Life's Little Mysteries

Did Noah's flood really happen?

An illustration of Noah's ark during the biblical flood. We see a wood boat crashing over a giant wave against a stormy sky.
An illustration of Noah's ark during the biblical flood. (Image credit: Pink_frog via Getty Images)

Noah's flood is one of the most recognized Bible stories. According to the Old Testament, "In the six hundredth year of Noah's life, in the second month, on the seventeenth day of the month, on that day all the fountains of the great deep burst forth, and the windows of the heavens were opened" (Genesis 7:11, English Standard Version).

As the text recounts, God saw wickedness within humans and sent a global inundation. Because Noah was righteous, God instructed him to build an ark for his family and save two of every beast, bird and creeping thing. But did Noah's flood really happen?

"The one thing we know for sure from geology is that a global flood never happened," said David Montgomery, a professor of geomorphology at the University of Washington in Seattle and author of "The Rocks Don't Lie: A Geologist Investigates Noah's Flood" (W. W. Norton & Company, 2012). "If you look at it as literally a global flood that covered the world's highest mountains, I'm sorry, there's just not enough water on Earth to do that," he told Live Science.

If the "heavens" opened and all of the water in the atmosphere came down at once as rain, the planet would be submerged — but only to a depth of about 1 inch (2.5 centimeters), according to the U.S. Geological Survey.  That's not enough water to justify a canoe, let alone a massive ark. 

But what if more than the water in the "heavens" were considered? If all the world's glaciers and ice sheets were to melt, then sea levels would rise by more than 195 feet (60 meters), according to NASA, which would add a bit more water. Moreover, a 2016 study published in the journal Nature Geoscience estimated that there's 5.4 million cubic miles (22.6 million cubic kilometers) of groundwater stored in the upper 1.2 miles (2 km) of Earth's crust, which is enough to cover the land to a depth of 590 feet (180 m). That's a lot of water, but there are cities thousands of feet above sea level, and Mount Everest, the highest mountain on Earth, is more than 29,000 feet (8,849 m) above sea level. On top of that, geologists don't see evidence for a global flood in the rock record. 

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The biblical tale has other questionable sections. For example, Noah was 600 years old when the flood started — we know humans don't live that long — and most species wouldn't survive being reduced to just two animals as they wouldn't have enough genetic diversity to create a viable population. What's more, it's unclear how every animal would be capable of making it to the ark in the first place — imagine penguins waddling from Antarctica to the Middle East.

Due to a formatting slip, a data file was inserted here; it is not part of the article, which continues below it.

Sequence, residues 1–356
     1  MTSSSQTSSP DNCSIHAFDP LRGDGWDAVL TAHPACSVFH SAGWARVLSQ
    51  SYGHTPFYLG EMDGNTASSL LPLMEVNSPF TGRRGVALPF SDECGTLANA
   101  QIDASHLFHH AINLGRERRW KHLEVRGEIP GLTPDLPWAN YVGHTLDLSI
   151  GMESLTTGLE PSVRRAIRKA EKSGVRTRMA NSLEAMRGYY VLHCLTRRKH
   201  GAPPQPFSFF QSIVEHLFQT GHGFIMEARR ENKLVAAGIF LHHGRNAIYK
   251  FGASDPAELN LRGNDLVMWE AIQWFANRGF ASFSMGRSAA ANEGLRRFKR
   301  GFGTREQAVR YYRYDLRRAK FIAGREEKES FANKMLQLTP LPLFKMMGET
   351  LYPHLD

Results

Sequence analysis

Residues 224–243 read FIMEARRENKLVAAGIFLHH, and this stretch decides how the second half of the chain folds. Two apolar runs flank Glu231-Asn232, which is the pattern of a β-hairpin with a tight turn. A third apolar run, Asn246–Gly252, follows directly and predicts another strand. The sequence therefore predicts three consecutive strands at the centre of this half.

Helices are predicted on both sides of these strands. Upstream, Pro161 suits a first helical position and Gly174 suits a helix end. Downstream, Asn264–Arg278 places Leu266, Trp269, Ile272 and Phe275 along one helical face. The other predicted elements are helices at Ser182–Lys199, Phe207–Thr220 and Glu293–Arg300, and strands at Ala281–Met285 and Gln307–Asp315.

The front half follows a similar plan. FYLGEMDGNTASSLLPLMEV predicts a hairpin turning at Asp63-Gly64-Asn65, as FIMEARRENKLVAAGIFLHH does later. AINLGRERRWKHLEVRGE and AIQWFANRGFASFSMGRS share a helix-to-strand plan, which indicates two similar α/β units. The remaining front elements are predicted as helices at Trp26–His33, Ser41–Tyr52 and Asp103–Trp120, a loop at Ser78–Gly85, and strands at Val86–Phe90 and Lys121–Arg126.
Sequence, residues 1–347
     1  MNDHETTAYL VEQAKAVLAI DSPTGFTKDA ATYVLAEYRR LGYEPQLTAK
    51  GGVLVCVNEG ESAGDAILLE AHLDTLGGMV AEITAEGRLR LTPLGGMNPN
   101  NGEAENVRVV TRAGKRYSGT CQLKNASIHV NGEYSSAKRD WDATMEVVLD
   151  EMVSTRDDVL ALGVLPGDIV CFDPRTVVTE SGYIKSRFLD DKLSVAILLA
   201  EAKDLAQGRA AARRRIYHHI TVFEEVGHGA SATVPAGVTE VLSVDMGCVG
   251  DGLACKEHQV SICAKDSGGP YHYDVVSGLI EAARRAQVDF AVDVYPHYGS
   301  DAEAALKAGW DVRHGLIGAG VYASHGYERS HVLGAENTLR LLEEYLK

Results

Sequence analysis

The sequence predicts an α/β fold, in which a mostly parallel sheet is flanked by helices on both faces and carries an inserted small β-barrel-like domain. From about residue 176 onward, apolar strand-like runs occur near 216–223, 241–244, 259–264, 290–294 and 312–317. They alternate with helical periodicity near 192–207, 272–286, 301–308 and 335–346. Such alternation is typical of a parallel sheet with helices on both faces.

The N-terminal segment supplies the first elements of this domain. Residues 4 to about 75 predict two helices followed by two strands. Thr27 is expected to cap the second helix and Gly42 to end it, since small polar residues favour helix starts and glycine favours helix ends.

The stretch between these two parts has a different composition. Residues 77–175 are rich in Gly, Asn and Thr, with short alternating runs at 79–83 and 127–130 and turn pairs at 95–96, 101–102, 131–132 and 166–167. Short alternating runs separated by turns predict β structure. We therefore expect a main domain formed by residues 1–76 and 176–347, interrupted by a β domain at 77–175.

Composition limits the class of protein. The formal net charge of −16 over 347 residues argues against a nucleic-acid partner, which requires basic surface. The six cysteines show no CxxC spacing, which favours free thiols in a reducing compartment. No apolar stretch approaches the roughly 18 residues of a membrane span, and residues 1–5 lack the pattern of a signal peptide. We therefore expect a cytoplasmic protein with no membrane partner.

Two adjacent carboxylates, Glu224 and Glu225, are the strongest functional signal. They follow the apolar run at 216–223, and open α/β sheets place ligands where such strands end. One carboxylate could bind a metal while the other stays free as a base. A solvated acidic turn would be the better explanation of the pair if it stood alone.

According to historical documents, Noah's flood is a retelling of older stories, and it's likely allegorical rather than a literal recounting of an event. Ira Spar, professor of ancient studies at Ramapo College of New Jersey, told Live Science that the biblical stories in the Old Testament, which were written down between 800 B.C. and 500 B.C., likely came from older oral traditions and multiple sources.

There are slightly different accounts of Noah's flood story in other religious books, such as the Quran, while earlier versions of a cataclysmic flood stem from ancient Mesopotamian texts. Spar noted that there's a Sumerian flood story recorded in fragments that dates back to the late third millennium B.C.

"Who knows how far back the story goes?" Spar said. 

If we consider the sources of Noah's flood to be regional floods and not a global flood, then it's not so far-fetched. Montgomery explained that some "geologically plausible" floods could have occurred that inspired the story. 

For example, in the late 1990s, oceanographers William Ryan and Walter Pitman hypothesized at an American Geophysical Union meeting that around 7,500 years ago, the Mediterranean Sea started flowing into the then-isolated Black Sea, causing massive flooding around the Black Sea, which could be the origins of Noah's flood, the journal Science reported in 1998.

"That would have been a disruptive event that flooded the whole known world to the people who were living there, and that could have gone on to seed the story of Noah's flood with some of the survivors who fled to Mesopotamia," Montgomery said. 

A 2009 study published in the journal Quaternary Science Reviews argued that the flooding would have been much more minor than what Ryan and Pitman proposed, if it happened at all. But while the inspiration for the story of Noah's flood is open to debate, there are plenty of other flood stories from around the world that have been seemingly inspired by regional events. 

Montgomery said that many Indigenous American stories in the Pacific Northwest, for example, involve floods that sound a lot like tsunamis, with great waves crashing onto the shore. The same is true for stories from the seismically active coasts of South America and the South Pacific islands.

Patrick Pester
Live Science Contributor

Patrick Pester is a freelance writer and previously a staff writer at Live Science. His background is in wildlife conservation and he has worked with endangered species around the world. Patrick holds a master's degree in international journalism from Cardiff University in the U.K.